Issue #190 – “The Have-Knots: Part V” – July 11th, 2011

-It was way back in 2006 when I first discussed the conflict between those people who are married, engaged, or obsessed with one day tying the knot (“the Haves”), and those like me who consider weddings to be pagan rituals perpetuated by women and Williams-Sonoma (“the Have-Knots”). I’ve now written five columns on the topic and it continues to fascinate me. As yet another wedding season arrives, I can’t help but wonder what drives my otherwise rational, fun-loving friends to succumb to the pitfalls of marriage.

-My buddy Eric got married two weeks ago and decided not to have any groomsmen. Fair enough, I thought; to each his own. Then he asked a few of the guys to speak at his rehearsal dinner. Not a problem, we were happy to oblige. Then he asked us to show up ninety minutes before the ceremony to take pictures with the bride. Come on, dude! Why don’t we just call a groomsman a groomsman, give me a boutonniere, and end this fucking charade.

-Eric’s wedding RSVP card had only two choices to check: “Cannot attend” or “Delighted to attend.” Yeah, I probably could have used a third option.

-A few months ago, Time magazine ran an incredible profile about the artist Thornton Dial. He was born in a cornfield, raised by his great-grandmother, dropped out of school in third grade, and can’t read or write. As a hobby, he had been creating makeshift sculptures from scavenged debris, until the metalworking plant he worked for shut down. As a way to get all of his junk out of their house, his wife showed the sculptures to a local artist, and Dial’s career took off from there. And the whole time I was thinking…wait a minute, how the fuck did this dude get a wife?

-I went out to eat with a few friends recently and I asked one of the women – who I knew the least well – why her husband hadn’t joined us for dinner. She joked that she’d lost him in a card game. I didn’t quite get it, and the night continued. The next day my other friend told me that the woman’s marriage had recently gone kaput. I had absolutely no idea. Though I have to hand it to her: “I lost my husband in a card game” is a fantastic euphemism for divorce.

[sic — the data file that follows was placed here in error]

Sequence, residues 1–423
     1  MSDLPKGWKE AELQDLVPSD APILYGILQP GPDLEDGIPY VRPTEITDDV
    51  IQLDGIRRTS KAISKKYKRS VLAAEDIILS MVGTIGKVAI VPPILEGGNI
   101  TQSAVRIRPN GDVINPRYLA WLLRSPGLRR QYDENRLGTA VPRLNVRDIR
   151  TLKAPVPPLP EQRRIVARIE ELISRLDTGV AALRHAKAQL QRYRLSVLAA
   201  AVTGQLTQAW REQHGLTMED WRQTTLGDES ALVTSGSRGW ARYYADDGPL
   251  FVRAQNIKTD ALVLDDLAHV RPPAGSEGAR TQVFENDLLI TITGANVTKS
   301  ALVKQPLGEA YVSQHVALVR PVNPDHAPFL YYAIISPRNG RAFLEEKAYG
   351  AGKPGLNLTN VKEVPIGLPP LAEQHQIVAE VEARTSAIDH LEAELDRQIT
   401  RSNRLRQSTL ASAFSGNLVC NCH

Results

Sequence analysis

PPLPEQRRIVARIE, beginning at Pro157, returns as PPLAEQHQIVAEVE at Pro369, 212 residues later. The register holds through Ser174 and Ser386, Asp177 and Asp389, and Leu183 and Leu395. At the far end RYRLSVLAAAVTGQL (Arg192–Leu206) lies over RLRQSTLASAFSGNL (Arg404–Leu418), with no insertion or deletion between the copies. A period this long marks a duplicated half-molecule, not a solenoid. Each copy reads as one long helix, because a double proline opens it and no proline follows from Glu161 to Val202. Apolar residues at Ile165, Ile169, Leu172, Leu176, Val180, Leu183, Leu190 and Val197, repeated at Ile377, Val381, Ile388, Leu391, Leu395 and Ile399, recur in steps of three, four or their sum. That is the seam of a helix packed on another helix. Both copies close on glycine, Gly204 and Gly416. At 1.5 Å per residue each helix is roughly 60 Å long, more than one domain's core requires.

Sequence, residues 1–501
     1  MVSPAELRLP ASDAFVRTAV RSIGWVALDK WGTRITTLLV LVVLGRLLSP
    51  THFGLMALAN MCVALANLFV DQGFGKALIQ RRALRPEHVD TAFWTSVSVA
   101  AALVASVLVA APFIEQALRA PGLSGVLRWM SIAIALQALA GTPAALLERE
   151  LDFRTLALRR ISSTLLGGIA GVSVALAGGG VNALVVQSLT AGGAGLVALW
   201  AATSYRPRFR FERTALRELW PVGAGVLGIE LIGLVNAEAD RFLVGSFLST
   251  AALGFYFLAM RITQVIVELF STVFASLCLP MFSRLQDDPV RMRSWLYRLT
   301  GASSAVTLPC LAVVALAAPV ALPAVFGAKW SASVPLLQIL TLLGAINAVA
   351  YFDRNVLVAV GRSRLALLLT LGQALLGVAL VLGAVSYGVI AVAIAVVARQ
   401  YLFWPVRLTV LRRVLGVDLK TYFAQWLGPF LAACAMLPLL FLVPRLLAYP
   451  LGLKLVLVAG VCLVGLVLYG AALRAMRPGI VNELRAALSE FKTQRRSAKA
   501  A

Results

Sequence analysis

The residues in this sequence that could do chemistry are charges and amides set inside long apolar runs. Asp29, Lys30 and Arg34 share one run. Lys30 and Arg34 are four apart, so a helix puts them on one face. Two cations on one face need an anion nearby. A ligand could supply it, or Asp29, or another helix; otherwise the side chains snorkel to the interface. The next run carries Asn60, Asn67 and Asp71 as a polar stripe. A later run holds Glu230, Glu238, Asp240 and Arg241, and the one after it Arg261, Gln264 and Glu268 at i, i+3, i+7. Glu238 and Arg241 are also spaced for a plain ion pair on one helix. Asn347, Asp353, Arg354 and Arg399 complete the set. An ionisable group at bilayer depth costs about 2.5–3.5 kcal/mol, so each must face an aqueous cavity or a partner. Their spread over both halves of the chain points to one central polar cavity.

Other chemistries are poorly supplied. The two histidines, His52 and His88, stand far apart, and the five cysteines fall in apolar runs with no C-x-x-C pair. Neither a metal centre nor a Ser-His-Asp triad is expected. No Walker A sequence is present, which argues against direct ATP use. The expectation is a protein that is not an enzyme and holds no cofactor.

-As the oldest child, the pressure is on for me to get married. When I was in my twenties, if my parents called and heard a girl in the background, they would sigh, scoff at my womanizing, and ask me to call them back later. Now if they call and hear a girl in the background, they immediately light up and picture their future daughter-in-law. I should stop picking up the phone.

-Though I’m proud to be a Have-Knot and frequently mock the Haves whose weddings I am “delighted” to attend, I’m actually not entirely opposed to getting married one day myself. You see, though the concept of marriage does seem a bit antiquated to me, it’s actually the hullabaloo surrounding marriage I find most troubling. Like the fact that it’s a “goal” for some people, like a promotion at work. And the trend of wedding weekends morphing into a yearlong series of events. Or the idea of forcing your friends to schlep halfway around the world just to witness you tie the knot. It’s all a bit much. Especially for an institution in which 50% of the participants end up getting lost in a card game.